MUMBAI (Thomson Reuters Foundation) – In the picturesque Himalayan kingdom of Bhutan, cleaners patrol forests and trails looking for rubbish left by tourists, empty water bottles and snacks stuck in bushes and trees, and remove the bag.
The cleaning team is funded by the Sustainable Development Fee (SDF), a tourist tax that Bhutan has levied for decades. The tax is aimed at avoiding overtourism and maintaining its status as South Asia’s only “carbon negative country” (a country that absorbs more greenhouse gases than it emits each year).
Bhutan halved its SDF to $100 a day last week. They strive to strike a balance between supporting local economies and jobs while protecting nature and the environment.
Bhutanese government officials told the Thomson Reuters Foundation that the tax would be used to improve infrastructure, preserve nature and culture, and reduce dependence on fossil fuels, based on the principle of “high-value, low-flow” tourism. He said the money would be used to invest in electric mobility.
It is true that this small country with a population of less than 800,000 people is currently attracting attention, but this is not just a Bhutan problem.
Countries around the world are looking to revive tourism in the wake of the coronavirus pandemic. There is also growing debate about how best to attract more tourists and generate revenue without causing overcrowding or exacerbating pollution and negative environmental impacts.
Sustainability experts say the traditional way of measuring tourism based solely on visitor numbers is outdated and harmful to the industry. It urged the government to consider how to accommodate tourists, encouraging them to stay longer and more attentively.
“The SDF is a way to ensure that tourist destinations are not destroyed,” CI said. B. Deputy Chairman Ram Kumar said. It’s also a “good way to protect nature,” he said.
Many countries and cities have introduced some form of tourism tax, but few have been as strict as Bhutan in allocating tax revenues to conservation and sustainable development initiatives.
New Zealand introduced a NZ$35 tourism tax in 2019 to fund conservation and infrastructure projects. The Indonesian resort island of Bali plans to levy a tourist tax of 1.5 million rupees (about 1,400 yen) from 2024 to help preserve its culture and environment.
According to the World Travel and Tourism Council (WTTC), tourism accounts for approximately 8-11% of global greenhouse gas emissions, most of which come from transportation.
Tourism is also one of the sectors most vulnerable to climate change, with researchers saying rising temperatures and sea levels could affect visitor numbers.
For example, in July, a wildfire in Rhodes, Greece, destroyed resorts and hotels, and about 20,000 foreign tourists were evacuated.
According to recent surveys and industry executives, the demand for ecotourism in general is growing, but few are willing to pay more for sustainable travel.
Bhutan has continuously revised the SDF over the years, introducing exemptions and exemptions for long-stay tourists.
When it reopened to visitors last September after being closed for more than two years due to the coronavirus pandemic, SDF raised prices from $65 to $200 in nearly 30 years.
However, due to tax increases and the impact of the epidemic, the number of tourists has been hit, and domestic travel agencies, hotels, handicraft and souvenir shops have suffered losses.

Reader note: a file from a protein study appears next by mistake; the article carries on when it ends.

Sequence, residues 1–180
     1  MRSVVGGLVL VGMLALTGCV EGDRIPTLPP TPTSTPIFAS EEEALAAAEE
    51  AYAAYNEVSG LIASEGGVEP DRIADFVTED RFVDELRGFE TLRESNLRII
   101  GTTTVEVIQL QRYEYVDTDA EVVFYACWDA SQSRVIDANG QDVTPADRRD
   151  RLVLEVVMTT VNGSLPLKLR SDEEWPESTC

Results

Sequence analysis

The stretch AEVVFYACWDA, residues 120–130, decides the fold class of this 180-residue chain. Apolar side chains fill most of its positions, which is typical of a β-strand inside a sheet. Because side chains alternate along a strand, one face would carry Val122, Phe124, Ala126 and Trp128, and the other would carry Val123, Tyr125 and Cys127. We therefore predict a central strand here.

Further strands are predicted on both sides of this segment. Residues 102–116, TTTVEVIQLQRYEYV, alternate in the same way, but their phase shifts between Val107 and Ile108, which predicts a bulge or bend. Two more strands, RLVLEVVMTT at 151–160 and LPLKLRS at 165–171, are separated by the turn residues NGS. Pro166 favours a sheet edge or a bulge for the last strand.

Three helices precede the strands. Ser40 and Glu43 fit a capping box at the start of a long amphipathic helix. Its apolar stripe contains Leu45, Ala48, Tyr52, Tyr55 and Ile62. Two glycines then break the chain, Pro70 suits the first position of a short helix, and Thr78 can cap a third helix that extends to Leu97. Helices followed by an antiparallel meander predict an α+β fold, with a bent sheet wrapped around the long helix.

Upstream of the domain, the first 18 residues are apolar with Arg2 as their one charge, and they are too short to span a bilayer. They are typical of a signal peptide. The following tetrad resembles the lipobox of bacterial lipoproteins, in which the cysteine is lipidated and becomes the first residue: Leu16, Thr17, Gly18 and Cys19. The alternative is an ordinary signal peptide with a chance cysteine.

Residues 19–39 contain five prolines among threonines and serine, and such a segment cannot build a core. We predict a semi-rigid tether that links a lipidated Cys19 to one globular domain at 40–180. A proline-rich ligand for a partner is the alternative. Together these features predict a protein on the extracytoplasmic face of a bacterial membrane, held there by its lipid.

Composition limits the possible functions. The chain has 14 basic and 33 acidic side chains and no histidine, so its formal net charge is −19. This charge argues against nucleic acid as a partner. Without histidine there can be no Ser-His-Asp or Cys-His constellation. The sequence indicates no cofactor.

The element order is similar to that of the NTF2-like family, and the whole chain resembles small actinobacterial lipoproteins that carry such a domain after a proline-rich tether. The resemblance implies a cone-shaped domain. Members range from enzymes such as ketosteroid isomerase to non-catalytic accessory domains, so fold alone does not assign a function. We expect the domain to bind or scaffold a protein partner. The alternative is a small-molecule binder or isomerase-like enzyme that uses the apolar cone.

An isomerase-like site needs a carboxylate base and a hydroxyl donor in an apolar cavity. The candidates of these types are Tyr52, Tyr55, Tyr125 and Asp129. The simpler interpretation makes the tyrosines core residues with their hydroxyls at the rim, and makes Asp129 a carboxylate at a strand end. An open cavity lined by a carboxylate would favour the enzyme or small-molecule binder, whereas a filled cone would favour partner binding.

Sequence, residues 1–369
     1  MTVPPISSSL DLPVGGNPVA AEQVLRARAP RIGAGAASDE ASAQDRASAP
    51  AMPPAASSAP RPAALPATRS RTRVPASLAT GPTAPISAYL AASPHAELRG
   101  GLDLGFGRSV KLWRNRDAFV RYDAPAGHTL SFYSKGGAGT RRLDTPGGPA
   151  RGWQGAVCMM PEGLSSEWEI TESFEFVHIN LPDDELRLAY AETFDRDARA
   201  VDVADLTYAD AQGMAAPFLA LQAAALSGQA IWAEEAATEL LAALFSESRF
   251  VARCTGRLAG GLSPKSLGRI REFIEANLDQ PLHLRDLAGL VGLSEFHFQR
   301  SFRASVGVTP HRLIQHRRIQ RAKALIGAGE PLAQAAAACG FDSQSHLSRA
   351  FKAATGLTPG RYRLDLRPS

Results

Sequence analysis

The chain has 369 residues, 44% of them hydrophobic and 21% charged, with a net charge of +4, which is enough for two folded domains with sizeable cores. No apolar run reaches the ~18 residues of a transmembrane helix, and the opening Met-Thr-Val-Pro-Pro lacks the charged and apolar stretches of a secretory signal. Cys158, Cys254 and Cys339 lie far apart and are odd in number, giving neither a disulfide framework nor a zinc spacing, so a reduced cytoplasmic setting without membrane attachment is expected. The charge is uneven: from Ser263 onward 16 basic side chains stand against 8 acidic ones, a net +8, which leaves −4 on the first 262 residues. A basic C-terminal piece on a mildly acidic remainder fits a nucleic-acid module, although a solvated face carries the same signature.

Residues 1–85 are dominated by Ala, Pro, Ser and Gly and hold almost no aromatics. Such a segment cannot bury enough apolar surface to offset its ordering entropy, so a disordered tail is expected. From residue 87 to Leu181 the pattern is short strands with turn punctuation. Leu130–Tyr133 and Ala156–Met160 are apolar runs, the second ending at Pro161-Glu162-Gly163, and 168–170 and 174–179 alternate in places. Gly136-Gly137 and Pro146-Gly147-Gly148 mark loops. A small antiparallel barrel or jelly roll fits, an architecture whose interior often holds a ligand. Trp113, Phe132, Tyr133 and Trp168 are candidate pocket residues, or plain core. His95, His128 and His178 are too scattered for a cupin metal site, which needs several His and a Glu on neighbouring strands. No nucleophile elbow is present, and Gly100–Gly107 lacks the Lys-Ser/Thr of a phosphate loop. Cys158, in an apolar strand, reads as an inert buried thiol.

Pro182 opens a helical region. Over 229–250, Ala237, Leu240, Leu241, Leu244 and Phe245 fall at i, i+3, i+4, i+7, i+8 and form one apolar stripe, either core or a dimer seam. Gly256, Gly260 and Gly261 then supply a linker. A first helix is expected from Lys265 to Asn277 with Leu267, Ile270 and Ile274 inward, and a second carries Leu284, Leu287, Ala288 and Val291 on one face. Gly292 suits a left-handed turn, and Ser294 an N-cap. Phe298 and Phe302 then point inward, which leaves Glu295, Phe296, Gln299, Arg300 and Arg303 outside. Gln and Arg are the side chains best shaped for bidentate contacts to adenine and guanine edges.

Some 60,000 tourists visited Bhutan between January and August this year, bringing in $13.5 million in tax revenue for the Bhutan Self-Defense Forces, government figures show. In 2019, before the outbreak, it received approximately 316,000 visitors and SDF revenue was $88.6 million.
When it lowered the SDF this month, the government said it aimed to revive tourism, create jobs and earn foreign exchange.
Bhutan plans to increase tourism’s contribution to the country’s $3 billion economy to 20 percent from the current 5 percent.
Dorji Doradur, head of the Bhutan Tourism Board, said in an email that the SDF is crucial for Bhutan to step up conservation efforts as the country faces threats from climate change, including melting glaciers and unpredictable weather. important. “For our future, we need to preserve our heritage and forge new paths for future generations,” he said.
Bhutan’s ‘decarbonisation’ approach began in the 1970s. The king at the time sought to build the economy through sustainable forest management that balanced conservation and development.
Bhutan’s forests absorb more than 9 million tons of carbon every year. Doradour said the Bhutanese economy aims to reduce the use and waste of fossil fuels, so carbon emissions will remain below 4 million tonnes.
Bhutan has long been a major holiday destination, especially for Indian tourists. Indians used to be able to enter for free, but a daily tax of 1,200 rupees (about 2,100 yen) was imposed last year.
Tourism officials say Indian tourists have become a problem by littering, climbing Buddhist buildings and taking pictures. Travel bookings cannot be made from India due to the imposition of this tax.
The tax on Indian tourists will remain unchanged for at least two years as Bhutan prioritizes the environment, culture and people’s well-being over “tourism volume”, said Doradur of the Bhutan Tourism Board.
Tourism taxes are being considered in more and more places around the world, but they risk locking out those who want to enjoy affordable travel.
Jigme Cherin, president of the Bhutan Hotel and Restaurant Association, said the SDF was in line with the country’s sustainable development vision, but there were challenges in terms of “impact on business”.
He said he hoped the tax cuts would accelerate tourism growth. Local businesses looking for more customers and revenue feel similarly.